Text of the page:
Such a sensation comes with a very distant gaze on the world. And all these "microcosms" used in the exhibition actually have a similar effect: they distance you from your immediate environment, make everything seem small and distant. In a published conversation Fia Backström told Gunilla Klingberg that astronauts from all countries, who have actually seen planet Earth from a great distance, no longer could “understand why people carried on with their wars and positionings”. To them, power struggles just seemed futile. I don't think this exhibition has a message, but rather that it would like to convey this experience of estrangement that the space travelers speaks of, an entirely different articulation of time and space, and of what to do in it.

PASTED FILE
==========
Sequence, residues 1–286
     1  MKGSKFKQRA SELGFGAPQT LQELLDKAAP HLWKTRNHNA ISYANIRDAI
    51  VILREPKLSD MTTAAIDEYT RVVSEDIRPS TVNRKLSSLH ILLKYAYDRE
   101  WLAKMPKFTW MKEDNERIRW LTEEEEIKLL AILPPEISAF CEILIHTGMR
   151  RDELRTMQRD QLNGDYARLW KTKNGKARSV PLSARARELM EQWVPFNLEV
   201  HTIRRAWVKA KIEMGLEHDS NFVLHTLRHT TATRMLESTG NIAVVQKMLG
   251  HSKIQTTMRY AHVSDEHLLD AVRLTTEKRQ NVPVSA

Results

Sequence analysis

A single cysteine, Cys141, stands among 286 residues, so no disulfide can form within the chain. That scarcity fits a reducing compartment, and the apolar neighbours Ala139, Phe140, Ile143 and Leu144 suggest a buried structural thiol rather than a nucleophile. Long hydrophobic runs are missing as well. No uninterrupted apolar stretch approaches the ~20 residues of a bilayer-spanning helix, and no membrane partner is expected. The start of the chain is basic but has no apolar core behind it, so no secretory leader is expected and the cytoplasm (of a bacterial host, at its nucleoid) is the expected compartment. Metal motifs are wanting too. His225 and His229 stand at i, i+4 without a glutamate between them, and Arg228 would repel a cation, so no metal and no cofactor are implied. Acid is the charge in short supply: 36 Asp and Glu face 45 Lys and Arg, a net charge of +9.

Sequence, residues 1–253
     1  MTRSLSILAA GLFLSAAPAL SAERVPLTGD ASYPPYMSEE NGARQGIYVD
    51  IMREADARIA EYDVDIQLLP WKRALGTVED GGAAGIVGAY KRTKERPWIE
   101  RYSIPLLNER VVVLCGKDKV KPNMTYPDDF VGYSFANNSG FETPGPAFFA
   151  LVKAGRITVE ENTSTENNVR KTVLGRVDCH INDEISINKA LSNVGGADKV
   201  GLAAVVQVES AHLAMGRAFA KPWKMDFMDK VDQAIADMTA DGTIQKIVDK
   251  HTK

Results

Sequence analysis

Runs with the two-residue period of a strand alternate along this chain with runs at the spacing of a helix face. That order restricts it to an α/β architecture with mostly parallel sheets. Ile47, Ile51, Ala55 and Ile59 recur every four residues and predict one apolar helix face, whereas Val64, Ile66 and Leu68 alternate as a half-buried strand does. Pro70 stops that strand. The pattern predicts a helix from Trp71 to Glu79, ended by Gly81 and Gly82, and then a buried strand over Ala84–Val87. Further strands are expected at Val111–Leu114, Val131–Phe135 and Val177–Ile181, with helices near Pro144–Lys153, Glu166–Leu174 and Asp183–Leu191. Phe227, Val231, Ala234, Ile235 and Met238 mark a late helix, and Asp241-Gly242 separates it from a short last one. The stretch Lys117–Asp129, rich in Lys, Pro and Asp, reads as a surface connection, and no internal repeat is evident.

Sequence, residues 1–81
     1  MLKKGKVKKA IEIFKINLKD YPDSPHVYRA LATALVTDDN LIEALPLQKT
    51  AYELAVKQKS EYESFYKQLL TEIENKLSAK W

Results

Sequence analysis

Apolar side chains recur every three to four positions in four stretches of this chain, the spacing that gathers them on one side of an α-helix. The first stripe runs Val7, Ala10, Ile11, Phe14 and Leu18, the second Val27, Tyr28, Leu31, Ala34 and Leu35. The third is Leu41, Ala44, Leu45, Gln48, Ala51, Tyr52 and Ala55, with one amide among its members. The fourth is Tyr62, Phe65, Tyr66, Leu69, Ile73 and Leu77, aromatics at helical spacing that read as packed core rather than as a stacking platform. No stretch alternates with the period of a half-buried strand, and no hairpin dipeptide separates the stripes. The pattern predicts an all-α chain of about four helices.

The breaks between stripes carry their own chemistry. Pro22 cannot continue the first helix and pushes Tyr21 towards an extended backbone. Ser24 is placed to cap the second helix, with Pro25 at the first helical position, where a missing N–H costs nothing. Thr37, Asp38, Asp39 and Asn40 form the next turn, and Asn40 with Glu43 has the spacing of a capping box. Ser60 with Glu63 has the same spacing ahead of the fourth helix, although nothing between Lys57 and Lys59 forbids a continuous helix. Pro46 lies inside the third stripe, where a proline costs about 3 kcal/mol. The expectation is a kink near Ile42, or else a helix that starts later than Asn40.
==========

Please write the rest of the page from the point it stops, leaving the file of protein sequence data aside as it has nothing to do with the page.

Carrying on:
The moment the beholder, after having experienced the transformations of space, “lands” in the gallery, this experience is reproduced. It is of great importance for the exhibition, since it gives the displayed objects a particular status. For instance, the grid could not be interpret the way Rosalind Krauss did and Padraic E. Moore does in a text written for this exhibition, ie. as something invested in by both scientific rationality and (new age) mysticism. Because as an object of knowledge, it instigates a power struggle in terms of kinds of knowledge. Klingberg's grid certainly demarcates the so called Curry lines, ie. a global grid of geophysical energy lines that the new-age authority Manfred Curry “claimed to have identified in the middle of the last century” (Padraic E. Moore). (On the other hand, what force is not a bit mysterious). Newton himself was unhappy with his idea of a gravitational force, which seemed to him – and to Leibniz – too mysterious and irrational to serve as an explanation.) In this exhibition, the grid does not figure as the common object of science and new age, since they both relate to the grid with a cognitive attitude, as if it were an object of knowledge. Frankly, it would be senseless to confront the audience with a very different spatiality and provoke a sensation of distance to the Earth only in order to throw them back to the ordinary and ask them to join the one or the other hierarchic social structure of knowledge, rational or intuitive, science or new age. Both fields are organized around authorities, professors or spiritual leaders. So, from a point of view of social structures, they are not so different. Rather than trying to include two competing forms of knowledge in the same structure (the grid), I think Klingberg's grid should be considered an unknown object, or rather an object to relate to in an non-cognitive attitude. It's simply not an object of knowledge, but of communality.